PATH is partnering with four companies to develop new water filters and filter elements to bring safe drinking water to low-income consumers in developing countries. The filters, which will begin reaching developing-country markets early next year, are designed to provide a breakthrough user experience. Based on design guidelines developed by PATH through extensive field research, the filters require no pipe connection or electricity, making them ideal for use in low-resource settings. The filters feature standardization to further enhance safety, expand product choice, and improve access for consumers.
The four manufacturers—Cascade Designs, Inc.; Dukang, Inc.; Ningbo Clean, Inc.; and PureEasy, Inc.—expect to make the products available beginning in the first quarter of 2012, exporting from China to developing countries worldwide.
Water filters designed for the user
Multiple interventions with low-income households in developing countries have demonstrated the health benefits of correct and consistent use of water filters. But the lack of appropriate, affordable, and effective water filters designed for these settings limits the potential benefits. To address this gap, PATH and our partners are spearheading a new approach, creating designs centered around users’ specific needs.
Each water filter incorporates the lessons of substantial field experience and sophisticated industrial design, representing the first applications of PATH’s Household Water Treatment and Storage Design Guidelines. The design guidelines are based on PATH’s study of product interactions among low-income users in the developing world—including more than 600 hours of careful in-home observation.
Our research found that first impressions matter. The aesthetics of the new filters blend traditional and modern themes, evoking both aspiration and familiarity. Intuitive assembly builds users’ confidence from the start. PATH found that many women clean the household’s kitchenware—including any water filters—every morning, often with an abrasive mixture of soil and water. Accordingly, the new water filters are designed with round corners so fingers can easily remove grime. Each unit holds enough water so users will only need to fill it two or three times per day.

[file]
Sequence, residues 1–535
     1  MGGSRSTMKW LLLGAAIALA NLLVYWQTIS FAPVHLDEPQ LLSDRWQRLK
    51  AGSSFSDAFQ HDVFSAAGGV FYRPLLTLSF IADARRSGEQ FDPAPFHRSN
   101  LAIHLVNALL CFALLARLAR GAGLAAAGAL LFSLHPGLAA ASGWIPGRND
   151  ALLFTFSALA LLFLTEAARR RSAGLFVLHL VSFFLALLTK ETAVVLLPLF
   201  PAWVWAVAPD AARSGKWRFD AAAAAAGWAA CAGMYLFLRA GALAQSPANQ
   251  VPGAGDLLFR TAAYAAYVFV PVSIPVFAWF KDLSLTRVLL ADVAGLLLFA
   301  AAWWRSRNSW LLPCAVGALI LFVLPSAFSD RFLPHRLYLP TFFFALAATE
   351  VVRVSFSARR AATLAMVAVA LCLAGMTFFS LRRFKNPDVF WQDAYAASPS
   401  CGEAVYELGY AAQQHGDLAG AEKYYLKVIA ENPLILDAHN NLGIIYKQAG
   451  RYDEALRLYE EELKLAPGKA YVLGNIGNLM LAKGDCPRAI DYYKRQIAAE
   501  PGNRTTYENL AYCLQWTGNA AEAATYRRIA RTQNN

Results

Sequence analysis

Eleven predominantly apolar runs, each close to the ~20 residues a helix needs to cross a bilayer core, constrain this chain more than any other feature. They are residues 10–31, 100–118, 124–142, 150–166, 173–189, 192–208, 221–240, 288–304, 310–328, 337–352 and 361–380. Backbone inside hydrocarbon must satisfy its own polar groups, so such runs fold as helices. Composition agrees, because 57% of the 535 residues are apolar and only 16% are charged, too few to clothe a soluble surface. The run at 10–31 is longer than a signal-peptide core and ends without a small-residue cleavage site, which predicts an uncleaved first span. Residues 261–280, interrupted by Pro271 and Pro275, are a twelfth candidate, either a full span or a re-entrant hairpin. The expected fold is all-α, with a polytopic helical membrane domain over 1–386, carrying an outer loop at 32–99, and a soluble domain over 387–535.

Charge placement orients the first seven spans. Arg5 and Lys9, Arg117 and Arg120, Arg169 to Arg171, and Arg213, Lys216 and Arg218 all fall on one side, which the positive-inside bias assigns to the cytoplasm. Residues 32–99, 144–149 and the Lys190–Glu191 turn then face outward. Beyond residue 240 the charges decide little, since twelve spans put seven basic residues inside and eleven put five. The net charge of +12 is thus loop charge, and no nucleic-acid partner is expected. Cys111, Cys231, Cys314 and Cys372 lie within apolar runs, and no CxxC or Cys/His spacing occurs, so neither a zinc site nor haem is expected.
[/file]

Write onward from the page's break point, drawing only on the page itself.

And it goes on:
The right partners for the mission
PATH identified partners with the core competencies necessary to bring to market water filters that are both compelling and accessible to low-income consumers in developing countries. Three new water filters are in progress—one each at Dukang, Ningbo Clean, and PureEasy. These water filters will accept a range of filter elements. Dukang and PureEasy are also developing filter elements, and Cascade Designs is developing an advanced filter element. Partners’ roles reflect their competencies.
Cascade Designs’ expertise is in water treatment under challenging conditions, including for the outdoor and military markets. The company, based in Seattle, collaborated with us to evaluate existing water filters, create a water filter reference design, and develop an advanced filter element.
Dukang, Ningbo Clean, and PureEasy are based in China and manufacture low-cost water filters and filter elements for developing countries’ mass markets, exporting widely to countries from Southeast and South Asia to Africa and beyond. Combined, they produce 200,000 water filters annually. When selecting partners, we focused on companies with entrepreneurial leadership and a strategic priority on innovation for the global mass market. Dukang and PureEasy have in-house labs, conduct research and development on filters, and produce more than five million ceramic filter elements annually.
The partners’ experience helped them engineer the products for low-cost production. Prices are expected to start at less than US$12 per unit wholesale at the factory gate, with each unit nested in a compact package only one cubic foot in volume to reduce shipping costs. Compatibility with a range of filter technologies will support low operating costs.
Standardization—better choices for consumers and producers
The partners’ forthcoming products are standardized on the new C1 Common Interface, which enhances safety and usability and enables water filters to accept any filter element that is also C1-compatible. The C1 Common Interface, established by PATH, is a design specification for the common connection point between a water filter and the filter elements that go inside of it and that require periodic replacement. The interface creates a classic “light bulbs and sockets” scenario so different brands’ products can work together.
PATH learned from users that replacing the filter elements in existing water filters is often too complex. We responded by engineering and field-testing the C1 Common Interface to provide a safe and satisfying user experience. The interface features safeguards to prevent upside-down installation of filter elements and leak-through of contaminated water around filter elements—even at the tricky moment when a user removes a filter element for cleaning and residual untreated water is present.
The C1 Common Interface improves choice for consumers and brands. Consumers can always choose the best available filter elements without replacing their whole water filter. Filter element makers can more easily partner with water filter brands to reach developing-country consumers. Water filter brands can take advantage of more sourcing and technology options. Proliferation of the interface will support higher-volume production, lowering prices for consumers. We will make the C1 Common Interface specification freely available for license starting in January 2012.
- Resources about the new water filters.
- New Water Filters for Low-Income Households (September 2011 fact sheet).
- Our other work in safe water.
Posted September 29, 2011.